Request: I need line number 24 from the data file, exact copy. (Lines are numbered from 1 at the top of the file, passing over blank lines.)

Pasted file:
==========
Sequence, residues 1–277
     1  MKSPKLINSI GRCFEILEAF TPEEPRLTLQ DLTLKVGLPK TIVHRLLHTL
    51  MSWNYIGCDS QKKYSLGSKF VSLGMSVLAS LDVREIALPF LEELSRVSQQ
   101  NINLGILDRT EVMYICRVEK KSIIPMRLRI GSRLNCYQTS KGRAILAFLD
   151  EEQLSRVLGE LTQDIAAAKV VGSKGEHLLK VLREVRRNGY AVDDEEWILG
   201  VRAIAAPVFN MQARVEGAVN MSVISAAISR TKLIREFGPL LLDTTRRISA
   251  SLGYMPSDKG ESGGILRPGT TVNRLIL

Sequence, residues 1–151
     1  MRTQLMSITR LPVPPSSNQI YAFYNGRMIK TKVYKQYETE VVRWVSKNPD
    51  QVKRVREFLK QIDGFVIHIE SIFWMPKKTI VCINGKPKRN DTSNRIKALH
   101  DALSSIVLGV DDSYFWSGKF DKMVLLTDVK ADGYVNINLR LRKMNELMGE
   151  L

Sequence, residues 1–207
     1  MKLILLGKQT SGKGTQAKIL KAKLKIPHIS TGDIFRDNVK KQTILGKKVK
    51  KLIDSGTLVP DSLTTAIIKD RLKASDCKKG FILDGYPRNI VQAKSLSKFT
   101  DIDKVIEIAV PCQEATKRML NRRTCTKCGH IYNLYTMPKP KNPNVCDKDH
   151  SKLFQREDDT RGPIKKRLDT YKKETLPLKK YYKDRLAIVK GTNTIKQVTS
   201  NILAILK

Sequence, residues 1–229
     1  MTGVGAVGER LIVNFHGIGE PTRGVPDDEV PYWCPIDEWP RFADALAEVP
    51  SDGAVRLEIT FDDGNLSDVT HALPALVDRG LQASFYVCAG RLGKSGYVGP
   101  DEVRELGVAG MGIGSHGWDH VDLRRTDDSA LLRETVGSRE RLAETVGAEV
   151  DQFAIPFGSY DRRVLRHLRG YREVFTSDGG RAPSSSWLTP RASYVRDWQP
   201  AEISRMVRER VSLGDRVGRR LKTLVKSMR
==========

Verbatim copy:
   201  AEISRMVRER VSLGDRVGRR LKTLVKSMR